Types of Contract Breaches
When you have a contract with a contractor, employer, vendor, or any other party, you expect that everyone will abide by the contract and fulfill their obligations as outlined in the document. While most contracts are successfully completed without a hitch, sometimes incidents occur that can cause you to seek legal help.
Maybe your contractor didn’t perform work that was up to par. Perhaps your employer failed to pay you for all the hours you worked. In any case, a breach of contract can be frustrating. It can seem like a broken promise.
This is called a breach of contract and there are several ways in which one can occur. Read on to learn more.
Anticipatory Breach vs. Actual Breach
Most breaches of contract are either actual breaches or anticipatory breaches. An actual breach occurs when one person fails to fulfill their side of the bargain. They may miss the due date or not complete a job completely. An anticipatory breach is pretty much the same thing, except one party announces it ahead of time, in advance of the due date.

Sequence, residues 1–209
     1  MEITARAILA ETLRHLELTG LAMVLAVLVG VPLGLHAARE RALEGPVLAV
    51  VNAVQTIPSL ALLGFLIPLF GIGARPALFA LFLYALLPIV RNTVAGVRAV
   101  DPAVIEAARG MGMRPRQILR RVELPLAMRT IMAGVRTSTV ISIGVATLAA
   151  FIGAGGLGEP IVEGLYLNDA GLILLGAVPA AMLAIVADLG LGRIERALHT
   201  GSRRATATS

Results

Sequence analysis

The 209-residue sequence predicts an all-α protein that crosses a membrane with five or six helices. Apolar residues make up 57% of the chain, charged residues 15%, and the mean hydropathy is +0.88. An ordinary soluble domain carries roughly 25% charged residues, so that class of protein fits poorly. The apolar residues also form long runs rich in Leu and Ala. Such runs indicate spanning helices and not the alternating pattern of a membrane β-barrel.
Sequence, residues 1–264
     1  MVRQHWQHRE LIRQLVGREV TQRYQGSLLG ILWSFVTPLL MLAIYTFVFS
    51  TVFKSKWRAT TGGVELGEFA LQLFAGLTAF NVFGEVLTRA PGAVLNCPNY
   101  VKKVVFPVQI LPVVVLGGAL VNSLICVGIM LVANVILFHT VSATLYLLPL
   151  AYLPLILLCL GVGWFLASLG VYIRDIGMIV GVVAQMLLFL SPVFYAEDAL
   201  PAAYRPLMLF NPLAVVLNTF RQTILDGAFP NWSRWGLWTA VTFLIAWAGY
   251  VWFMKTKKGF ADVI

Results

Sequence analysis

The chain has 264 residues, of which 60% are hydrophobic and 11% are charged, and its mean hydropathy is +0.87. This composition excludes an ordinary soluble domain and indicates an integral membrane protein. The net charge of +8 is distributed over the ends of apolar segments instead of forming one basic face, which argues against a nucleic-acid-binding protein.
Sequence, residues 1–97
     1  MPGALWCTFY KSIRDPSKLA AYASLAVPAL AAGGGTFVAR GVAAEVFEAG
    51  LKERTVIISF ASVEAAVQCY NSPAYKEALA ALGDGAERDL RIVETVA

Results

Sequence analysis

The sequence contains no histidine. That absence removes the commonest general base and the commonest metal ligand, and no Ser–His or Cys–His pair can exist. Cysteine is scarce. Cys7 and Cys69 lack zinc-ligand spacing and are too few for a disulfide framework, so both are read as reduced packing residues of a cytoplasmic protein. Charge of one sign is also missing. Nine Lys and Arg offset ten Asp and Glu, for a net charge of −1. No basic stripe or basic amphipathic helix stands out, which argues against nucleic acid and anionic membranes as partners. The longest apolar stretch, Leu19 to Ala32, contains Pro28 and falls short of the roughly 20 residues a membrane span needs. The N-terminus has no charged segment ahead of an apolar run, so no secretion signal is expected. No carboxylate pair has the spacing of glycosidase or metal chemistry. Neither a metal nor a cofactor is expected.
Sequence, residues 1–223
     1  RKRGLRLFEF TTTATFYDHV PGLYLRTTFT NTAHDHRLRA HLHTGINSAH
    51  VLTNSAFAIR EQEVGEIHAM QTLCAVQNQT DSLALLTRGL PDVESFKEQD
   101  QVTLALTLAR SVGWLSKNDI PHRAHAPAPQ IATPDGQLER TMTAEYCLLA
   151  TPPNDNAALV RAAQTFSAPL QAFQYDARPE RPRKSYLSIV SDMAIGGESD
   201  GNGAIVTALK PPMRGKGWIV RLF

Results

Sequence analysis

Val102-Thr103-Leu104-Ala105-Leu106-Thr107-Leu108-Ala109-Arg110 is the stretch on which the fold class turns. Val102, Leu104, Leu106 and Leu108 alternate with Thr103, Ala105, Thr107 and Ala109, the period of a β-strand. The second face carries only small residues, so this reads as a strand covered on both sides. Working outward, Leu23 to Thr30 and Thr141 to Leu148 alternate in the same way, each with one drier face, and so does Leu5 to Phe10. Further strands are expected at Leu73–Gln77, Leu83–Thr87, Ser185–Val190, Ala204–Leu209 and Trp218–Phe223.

Both types of breaches waste money and time, and cause a lot of frustration for everyone involved. There are remedies available, but the breached party needs to take action in order to receive damages.
Minor Breach vs. Material Breach
A breach of contract can also be minor or material. A material breach is when one party ends up with something significantly different than what they expected. For example, if you sign a contract to get a sports car and the dealership gives you a minivan instead, that is a major issue and would be considered a material breach.
A minor breach means that part of the contract was not properly fulfilled, but it can be a big deal, too. If a contract asks for a specific paint color for a house and you get the wrong shade (but it’s barely noticeable), then that might be considered a minor breach. So would being one day late on a deliverable, such as a blog or other document.
For a breach of contract, a victim might be able to get monetary compensation. They will likely receive expectation damages, which means they will be compensated for what they expected to get out of the contract. For example, if you failed to get paid by your employer, you could file a claim and receive this money, as well as any compensation for legal costs. Any other losses you experience could also be compensated.
Learn More About Business Contracts
If you are dealing with a customer, vendor, or other third party, make sure you have a contract in place. The tricky part, though, is making sure everyone abides by the contract.
Orlando business contracts lawyer B.F. Godfrey from Godfrey Legal can help you create a solid contract as well as deal with any breaches. Schedule a consultation by filling out the online form or calling (407) 890-0023.